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Teeth Grinding Treatment in Lahore

Bruxism, or teeth grinding, is the act of clenching, grinding, or gnashing your teeth. It can range from barely bothersome to highly uncomfortable. Timely treatment may be necessary to prevent permanent damage. Awake bruxism occurs when you unknowingly clench your teeth while awake, while sleep bruxism happens during sleep. Minor teeth grinding may not require treatment, but prolonged grinding can lead to significant tooth damage. Long-term bruxism can result in migraines, jaw problems, tooth wear and fractures.

When to See a Dentist:

If in doubt, check it out.
Book an appointment to see a dentist as soon as possible if:
  • You have pain that lasts longer than a day or two
  • Your pain is severe or starts to become unbearable
  • You have a fever, earache or pain when you open your mouth wide
  • You have chipped or loose teeth
  • You are concerned about teeth clenching or grinding
Are you in pain?

Contact us immediately if you’re in pain and require emergency dental care. We’ll prioritise your urgent appointment to provide prompt assistance.

Teeth Grinding Treatment

Symptoms of Teeth Grinding

If your condition is mild, you may not be aware that you are grinding your teeth. It might be that a friend or family member notices it first. Or perhaps symptoms of bruxism are seen by your dentist during a routine appointment. Some signs and symptoms that you may have bruxism include:

  • Clenching or grinding your teeth, either awake or asleep
  • Fractured or chipped teeth
  • Tooth loss
  • Flattened teeth or worn teeth and enamel, exposing deeper layers of your tooth
  • Increased tooth pain or sensitive teeth
  • Tired or tight jaw muscles, or a locked jaw that won’t open or close completely
  • Pain or soreness in your jaw, neck, face or ears
  • Headaches
  • Damage from chewing on the inside of your cheek
  • Disrupted sleep

Causes of Teeth Grinding

There are a number of reasons bruxism can occur. It’s sometimes caused by excess stress or anxiety. Heightened emotions such as anger, frustration or tension can also trigger it. Teeth grinding may also develop as a coping strategy during periods of concentration. If you have sleep bruxism, it is more likely to be caused by an abnormal bite, missing teeth, or crooked teeth. Or it might be due to a sleep disorder such as sleep apnoea. There are some risk factors that may increase your chance of developing bruxism. These include:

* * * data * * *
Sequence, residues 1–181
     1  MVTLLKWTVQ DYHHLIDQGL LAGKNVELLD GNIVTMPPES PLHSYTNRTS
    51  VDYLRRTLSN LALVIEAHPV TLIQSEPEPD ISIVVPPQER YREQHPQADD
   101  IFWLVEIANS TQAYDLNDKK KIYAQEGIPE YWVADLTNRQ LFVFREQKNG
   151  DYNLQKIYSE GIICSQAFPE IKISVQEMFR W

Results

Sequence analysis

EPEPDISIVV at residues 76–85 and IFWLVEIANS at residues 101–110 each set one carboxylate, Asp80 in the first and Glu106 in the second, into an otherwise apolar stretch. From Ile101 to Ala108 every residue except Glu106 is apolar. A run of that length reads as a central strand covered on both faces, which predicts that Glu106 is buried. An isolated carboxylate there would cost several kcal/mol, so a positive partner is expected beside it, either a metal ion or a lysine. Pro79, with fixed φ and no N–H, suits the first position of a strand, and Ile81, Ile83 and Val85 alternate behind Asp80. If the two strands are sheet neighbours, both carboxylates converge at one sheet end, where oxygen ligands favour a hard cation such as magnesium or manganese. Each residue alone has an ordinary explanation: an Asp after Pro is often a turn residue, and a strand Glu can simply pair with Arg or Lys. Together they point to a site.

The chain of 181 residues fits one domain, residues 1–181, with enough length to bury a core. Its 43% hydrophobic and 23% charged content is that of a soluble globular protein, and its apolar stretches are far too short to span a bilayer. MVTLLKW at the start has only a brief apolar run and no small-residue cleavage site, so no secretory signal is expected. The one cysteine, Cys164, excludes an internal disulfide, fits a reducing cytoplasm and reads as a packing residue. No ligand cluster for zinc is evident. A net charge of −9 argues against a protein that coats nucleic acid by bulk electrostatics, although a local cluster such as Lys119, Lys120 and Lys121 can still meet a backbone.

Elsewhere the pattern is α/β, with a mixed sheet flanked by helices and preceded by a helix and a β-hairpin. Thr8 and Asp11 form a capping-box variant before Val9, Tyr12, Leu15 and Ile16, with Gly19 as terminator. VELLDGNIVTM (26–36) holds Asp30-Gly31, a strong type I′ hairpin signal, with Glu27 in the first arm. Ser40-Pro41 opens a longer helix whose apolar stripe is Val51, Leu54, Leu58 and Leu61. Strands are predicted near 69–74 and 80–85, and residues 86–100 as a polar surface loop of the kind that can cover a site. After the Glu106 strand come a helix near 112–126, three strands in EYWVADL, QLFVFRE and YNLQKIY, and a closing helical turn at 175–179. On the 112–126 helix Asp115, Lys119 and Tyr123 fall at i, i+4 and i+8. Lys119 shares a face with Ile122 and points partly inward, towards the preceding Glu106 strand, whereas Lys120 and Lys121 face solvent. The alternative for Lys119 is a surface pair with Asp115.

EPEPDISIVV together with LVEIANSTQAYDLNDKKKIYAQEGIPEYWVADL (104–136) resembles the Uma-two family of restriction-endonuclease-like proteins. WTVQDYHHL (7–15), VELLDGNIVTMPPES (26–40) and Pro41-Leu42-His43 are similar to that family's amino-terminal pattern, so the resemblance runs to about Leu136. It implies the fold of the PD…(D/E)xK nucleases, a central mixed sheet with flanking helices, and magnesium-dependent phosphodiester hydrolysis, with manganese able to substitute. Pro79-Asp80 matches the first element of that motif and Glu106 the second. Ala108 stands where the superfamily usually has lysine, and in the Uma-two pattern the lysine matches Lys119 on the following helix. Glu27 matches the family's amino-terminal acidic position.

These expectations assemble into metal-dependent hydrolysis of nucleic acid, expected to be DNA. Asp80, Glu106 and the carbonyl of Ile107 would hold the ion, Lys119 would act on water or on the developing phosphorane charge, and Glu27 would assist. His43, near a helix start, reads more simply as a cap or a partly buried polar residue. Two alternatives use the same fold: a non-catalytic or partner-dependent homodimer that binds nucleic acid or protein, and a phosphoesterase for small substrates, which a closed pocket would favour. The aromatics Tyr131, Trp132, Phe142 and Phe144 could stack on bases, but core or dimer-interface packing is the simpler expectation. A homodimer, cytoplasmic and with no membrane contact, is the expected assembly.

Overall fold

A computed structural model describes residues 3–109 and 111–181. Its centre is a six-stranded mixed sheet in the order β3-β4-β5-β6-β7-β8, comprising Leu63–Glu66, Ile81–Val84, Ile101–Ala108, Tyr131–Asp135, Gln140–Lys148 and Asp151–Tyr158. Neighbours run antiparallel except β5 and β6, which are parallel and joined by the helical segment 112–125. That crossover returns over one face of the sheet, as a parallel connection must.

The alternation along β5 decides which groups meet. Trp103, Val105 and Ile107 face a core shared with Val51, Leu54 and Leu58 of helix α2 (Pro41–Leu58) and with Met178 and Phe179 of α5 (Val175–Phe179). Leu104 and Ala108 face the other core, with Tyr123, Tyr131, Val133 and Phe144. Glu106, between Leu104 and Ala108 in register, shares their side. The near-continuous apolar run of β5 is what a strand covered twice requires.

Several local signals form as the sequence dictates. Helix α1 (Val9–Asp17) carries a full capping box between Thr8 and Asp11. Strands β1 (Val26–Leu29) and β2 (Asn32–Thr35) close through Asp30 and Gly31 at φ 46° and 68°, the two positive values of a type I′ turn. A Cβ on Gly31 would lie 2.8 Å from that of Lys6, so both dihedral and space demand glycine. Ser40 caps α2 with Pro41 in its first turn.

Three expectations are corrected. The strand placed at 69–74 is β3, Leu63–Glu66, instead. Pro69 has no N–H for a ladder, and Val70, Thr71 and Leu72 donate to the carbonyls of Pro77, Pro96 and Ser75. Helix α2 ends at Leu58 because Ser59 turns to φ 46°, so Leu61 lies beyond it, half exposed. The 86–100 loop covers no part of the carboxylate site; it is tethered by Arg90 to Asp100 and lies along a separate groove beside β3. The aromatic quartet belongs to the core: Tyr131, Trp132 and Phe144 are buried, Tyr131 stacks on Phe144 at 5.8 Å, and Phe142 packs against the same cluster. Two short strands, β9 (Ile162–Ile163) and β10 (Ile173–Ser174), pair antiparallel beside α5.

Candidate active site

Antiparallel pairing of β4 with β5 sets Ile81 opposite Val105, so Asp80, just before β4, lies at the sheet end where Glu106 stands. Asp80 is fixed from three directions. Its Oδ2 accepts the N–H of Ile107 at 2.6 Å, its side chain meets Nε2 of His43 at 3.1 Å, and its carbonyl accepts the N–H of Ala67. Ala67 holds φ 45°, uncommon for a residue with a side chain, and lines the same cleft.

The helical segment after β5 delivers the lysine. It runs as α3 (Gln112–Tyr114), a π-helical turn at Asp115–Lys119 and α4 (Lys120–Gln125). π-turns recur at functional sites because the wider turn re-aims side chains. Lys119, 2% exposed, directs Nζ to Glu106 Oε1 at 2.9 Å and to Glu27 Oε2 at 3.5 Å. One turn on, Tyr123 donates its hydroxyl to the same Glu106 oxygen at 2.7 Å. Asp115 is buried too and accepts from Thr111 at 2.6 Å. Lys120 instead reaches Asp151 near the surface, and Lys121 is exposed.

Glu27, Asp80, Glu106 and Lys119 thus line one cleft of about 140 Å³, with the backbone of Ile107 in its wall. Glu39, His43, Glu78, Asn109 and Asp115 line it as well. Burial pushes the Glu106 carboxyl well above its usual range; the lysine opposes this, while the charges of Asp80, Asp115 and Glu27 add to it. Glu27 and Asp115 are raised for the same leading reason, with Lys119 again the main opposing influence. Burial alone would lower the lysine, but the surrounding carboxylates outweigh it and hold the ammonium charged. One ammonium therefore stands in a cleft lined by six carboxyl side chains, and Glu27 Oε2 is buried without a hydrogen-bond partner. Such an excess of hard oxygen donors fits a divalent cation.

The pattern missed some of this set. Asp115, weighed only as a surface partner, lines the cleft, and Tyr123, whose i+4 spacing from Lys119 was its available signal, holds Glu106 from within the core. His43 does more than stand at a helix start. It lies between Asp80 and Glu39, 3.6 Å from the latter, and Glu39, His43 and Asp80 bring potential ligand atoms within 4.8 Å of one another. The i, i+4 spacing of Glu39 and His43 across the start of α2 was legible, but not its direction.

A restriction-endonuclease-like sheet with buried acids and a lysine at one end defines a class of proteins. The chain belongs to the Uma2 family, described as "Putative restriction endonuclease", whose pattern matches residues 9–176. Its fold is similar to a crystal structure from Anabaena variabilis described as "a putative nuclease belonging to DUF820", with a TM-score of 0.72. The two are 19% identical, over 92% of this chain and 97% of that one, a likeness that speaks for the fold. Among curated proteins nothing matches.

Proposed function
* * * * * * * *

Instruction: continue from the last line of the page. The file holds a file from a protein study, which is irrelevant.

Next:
• Increased stress, anxiety or frustration
  • Age-bruxism is common in young children and generally lessens by adulthood
  • Personality type – being aggressive, competitive or hyperactive may increase your risk
  • Medications – it may be an uncommon side effect of some medications including some antidepressants
  • Family history – sleep bruxism often occurs in families
  • Other disorders – bruxism can be associated with some mental health and medical disorders including Parkinson’s disease, dementia, gastroesophageal reflux disorder (GERD), epilepsy, night terrors, and sleep-related disorders such as sleep apnoea

Related Treatments

Your dentist will scrutinise your mouth to diagnose the cause of your pain or condition. You may need one of these standard treatments.

Get Prepared

When scheduling a check-up or treatment at our dental practices, efficiency is important. It’s beneficial to anticipate the information your dentist will require for diagnosis and treatment.